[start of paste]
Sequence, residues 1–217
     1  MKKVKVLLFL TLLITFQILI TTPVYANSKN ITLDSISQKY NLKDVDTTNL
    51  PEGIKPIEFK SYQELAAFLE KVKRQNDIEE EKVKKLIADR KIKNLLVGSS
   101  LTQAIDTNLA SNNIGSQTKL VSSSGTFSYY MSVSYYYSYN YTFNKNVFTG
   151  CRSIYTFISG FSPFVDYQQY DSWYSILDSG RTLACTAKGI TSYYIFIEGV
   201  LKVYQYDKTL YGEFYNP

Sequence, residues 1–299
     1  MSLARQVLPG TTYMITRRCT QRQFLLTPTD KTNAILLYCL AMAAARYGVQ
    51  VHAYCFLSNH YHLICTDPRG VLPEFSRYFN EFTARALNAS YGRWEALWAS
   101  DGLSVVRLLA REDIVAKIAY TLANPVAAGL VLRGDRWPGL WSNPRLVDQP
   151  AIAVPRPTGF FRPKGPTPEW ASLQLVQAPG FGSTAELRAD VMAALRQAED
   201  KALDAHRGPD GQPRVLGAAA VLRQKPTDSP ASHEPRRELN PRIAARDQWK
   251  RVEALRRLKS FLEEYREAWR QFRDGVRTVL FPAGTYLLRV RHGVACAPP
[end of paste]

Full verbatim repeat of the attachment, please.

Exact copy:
Sequence, residues 1–217
     1  MKKVKVLLFL TLLITFQILI TTPVYANSKN ITLDSISQKY NLKDVDTTNL
    51  PEGIKPIEFK SYQELAAFLE KVKRQNDIEE EKVKKLIADR KIKNLLVGSS
   101  LTQAIDTNLA SNNIGSQTKL VSSSGTFSYY MSVSYYYSYN YTFNKNVFTG
   151  CRSIYTFISG FSPFVDYQQY DSWYSILDSG RTLACTAKGI TSYYIFIEGV
   201  LKVYQYDKTL YGEFYNP

Sequence, residues 1–299
     1  MSLARQVLPG TTYMITRRCT QRQFLLTPTD KTNAILLYCL AMAAARYGVQ
    51  VHAYCFLSNH YHLICTDPRG VLPEFSRYFN EFTARALNAS YGRWEALWAS
   101  DGLSVVRLLA REDIVAKIAY TLANPVAAGL VLRGDRWPGL WSNPRLVDQP
   151  AIAVPRPTGF FRPKGPTPEW ASLQLVQAPG FGSTAELRAD VMAALRQAED
   201  KALDAHRGPD GQPRVLGAAA VLRQKPTDSP ASHEPRRELN PRIAARDQWK
   251  RVEALRRLKS FLEEYREAWR QFRDGVRTVL FPAGTYLLRV RHGVACAPP